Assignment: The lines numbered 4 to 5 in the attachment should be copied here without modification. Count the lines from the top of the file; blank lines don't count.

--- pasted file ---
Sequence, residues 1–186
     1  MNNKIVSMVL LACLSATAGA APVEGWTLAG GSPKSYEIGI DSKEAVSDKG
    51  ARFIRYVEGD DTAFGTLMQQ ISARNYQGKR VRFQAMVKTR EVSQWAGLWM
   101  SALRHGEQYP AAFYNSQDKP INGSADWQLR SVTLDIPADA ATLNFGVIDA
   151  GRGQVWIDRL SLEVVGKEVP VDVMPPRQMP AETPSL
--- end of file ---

   101  SALRHGEQYP AAFYNSQDKP INGSADWQLR SVTLDIPADA ATLNFGVIDA
   151  GRGQVWIDRL SLEVVGKEVP VDVMPPRQMP AETPSL